82nd International Atlantic Economic Conference

October 13 - 16, 2016 | Washington, USA

Conflict, terrorism and consumer confidence

Friday, October 14, 2016: 9:40 AM
Sabrin Beg, Ph.D , Economics, University of Delaware, Newark, DE
Consumer confidence and psychology, shown to matter for the economy in developed countries, may be crucial even in the context of developing countries where markets are relatively unstable and erratic. This warrants a deeper understanding of the factors that drive developing economies, including measures of consumer expectation and sentiment. This paper uses novel and unique data from a recent endeavor by the central bank of Pakistan to periodically collect survey data on consumer sentiment from a large sample of households across the nation.

Specifically, we examine how consumer sentiment responds to the conflict environment. A host of factors crucial for development are sensitive to existence of violent conflict – it can lower growth (Rodrik 1999) and human capital investment (Ichino and Walter-Ebmer (2004), Leon 2012) and affect individuals’ social, risk, and time preferences (Voors et al 2012). Using information on location, we match consumer sentiment information to events of violent conflict from the Global Terrorism Database and from Armed Conflict Location & Event Data. The consumer sentiment phone interviews, conducted with households every other month, collect households’ sentiment about prices, general economic position, and private economic and financial condition. Households are interviewed during the first 10 days of the month; we identify the short-term effect of exposure to terror events by comparing responses of individuals in the same location and month if they happen to get interviewed just after a terror event in their locality relative to households who got interviewed before the event.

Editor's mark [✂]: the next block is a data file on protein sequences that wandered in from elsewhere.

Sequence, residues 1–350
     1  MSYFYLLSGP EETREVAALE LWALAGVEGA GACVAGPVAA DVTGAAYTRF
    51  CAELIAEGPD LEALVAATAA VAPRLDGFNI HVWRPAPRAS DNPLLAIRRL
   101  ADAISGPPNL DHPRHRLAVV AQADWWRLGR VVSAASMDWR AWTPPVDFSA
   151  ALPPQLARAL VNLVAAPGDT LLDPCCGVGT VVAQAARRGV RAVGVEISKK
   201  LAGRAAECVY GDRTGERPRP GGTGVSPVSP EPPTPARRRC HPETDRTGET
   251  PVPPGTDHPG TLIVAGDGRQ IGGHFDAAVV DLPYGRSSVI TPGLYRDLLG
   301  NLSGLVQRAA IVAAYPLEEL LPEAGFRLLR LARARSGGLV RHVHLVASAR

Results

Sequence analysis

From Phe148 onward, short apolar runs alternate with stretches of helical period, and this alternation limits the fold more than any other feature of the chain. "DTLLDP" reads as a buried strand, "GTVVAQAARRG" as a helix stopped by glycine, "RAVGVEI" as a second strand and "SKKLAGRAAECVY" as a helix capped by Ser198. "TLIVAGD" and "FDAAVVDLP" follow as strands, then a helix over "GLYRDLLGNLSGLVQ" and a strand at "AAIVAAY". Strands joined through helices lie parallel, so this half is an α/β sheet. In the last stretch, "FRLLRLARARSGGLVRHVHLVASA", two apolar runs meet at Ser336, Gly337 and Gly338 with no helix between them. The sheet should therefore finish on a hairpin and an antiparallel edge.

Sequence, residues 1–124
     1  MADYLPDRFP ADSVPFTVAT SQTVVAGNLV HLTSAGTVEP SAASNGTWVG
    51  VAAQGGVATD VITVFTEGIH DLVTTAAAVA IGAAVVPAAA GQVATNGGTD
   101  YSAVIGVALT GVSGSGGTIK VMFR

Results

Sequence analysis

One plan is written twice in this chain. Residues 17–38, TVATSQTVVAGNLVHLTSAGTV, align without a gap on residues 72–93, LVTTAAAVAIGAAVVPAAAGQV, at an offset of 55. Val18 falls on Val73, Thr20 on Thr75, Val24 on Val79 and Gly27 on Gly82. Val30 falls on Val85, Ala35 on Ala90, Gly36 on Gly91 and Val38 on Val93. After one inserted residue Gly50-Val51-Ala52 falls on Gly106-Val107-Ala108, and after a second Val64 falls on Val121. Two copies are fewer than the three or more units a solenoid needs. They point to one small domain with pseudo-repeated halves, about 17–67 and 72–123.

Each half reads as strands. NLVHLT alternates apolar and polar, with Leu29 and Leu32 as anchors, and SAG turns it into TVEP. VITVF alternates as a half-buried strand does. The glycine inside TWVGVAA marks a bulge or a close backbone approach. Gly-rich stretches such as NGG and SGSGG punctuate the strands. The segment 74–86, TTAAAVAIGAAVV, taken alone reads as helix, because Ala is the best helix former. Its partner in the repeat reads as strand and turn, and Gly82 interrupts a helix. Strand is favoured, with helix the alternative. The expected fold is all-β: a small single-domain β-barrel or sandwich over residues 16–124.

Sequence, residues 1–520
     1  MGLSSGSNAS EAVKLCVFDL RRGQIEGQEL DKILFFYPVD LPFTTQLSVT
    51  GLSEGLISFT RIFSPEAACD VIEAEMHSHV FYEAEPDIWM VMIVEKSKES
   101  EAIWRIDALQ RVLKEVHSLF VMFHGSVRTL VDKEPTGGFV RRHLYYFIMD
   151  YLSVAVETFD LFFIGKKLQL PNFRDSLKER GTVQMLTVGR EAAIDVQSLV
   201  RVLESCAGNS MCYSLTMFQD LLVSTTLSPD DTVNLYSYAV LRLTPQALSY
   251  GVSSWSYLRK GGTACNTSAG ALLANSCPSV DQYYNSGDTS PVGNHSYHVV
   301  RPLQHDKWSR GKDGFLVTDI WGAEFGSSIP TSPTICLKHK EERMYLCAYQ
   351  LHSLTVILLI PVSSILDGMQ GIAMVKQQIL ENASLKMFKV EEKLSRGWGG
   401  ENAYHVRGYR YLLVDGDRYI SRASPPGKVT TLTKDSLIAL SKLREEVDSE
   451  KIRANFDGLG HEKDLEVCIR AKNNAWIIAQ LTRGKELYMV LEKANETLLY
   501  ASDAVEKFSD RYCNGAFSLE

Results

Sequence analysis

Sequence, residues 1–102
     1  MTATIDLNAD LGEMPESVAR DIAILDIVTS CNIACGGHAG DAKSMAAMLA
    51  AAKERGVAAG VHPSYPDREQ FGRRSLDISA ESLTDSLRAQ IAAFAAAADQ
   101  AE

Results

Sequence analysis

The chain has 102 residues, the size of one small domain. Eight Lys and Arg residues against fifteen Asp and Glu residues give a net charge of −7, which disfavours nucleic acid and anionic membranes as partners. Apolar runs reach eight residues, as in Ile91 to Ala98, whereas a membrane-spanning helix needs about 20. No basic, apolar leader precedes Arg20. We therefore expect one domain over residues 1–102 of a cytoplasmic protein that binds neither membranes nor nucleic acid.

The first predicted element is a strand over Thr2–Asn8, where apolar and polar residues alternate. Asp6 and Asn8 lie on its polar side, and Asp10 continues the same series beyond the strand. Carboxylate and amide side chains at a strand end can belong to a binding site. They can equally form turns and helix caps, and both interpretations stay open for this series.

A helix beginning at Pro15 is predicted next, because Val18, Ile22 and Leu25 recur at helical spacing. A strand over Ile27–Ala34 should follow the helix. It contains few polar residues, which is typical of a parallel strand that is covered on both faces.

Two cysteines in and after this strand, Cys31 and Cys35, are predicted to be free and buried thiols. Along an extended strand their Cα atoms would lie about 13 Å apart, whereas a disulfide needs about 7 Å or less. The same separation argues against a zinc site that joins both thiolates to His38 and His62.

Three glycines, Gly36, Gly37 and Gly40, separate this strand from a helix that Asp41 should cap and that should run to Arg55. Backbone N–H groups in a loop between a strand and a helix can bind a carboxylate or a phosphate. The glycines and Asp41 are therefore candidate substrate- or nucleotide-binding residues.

We find that in general highly conflict prone areas demonstrate lower rate of consumer satisfaction. Comparing individuals surveyed just after terror events to other individuals in their region, we find that recent local terror events lower consumers’ sentiment about future and current prices. However there are considerable variations across demographic groups. Particularly, the sentiment of more vulnerable sections of the society, including females, low income and low education households, is most negatively impacted by events of violent conflict. These are also the groups who demonstrate high biased-ness in price expectations (in line with Souleles 2004 and Madeira and Zafar 2012). This heterogeneity in reaction to violent events may be that these groups are more affected by them; or that they make more inefficient forecasts, thus exaggerate their responses more. Violent events, like bombings and armed assault, are most significant. The consumers in large cities are also the ones who are more likely to react to terror events.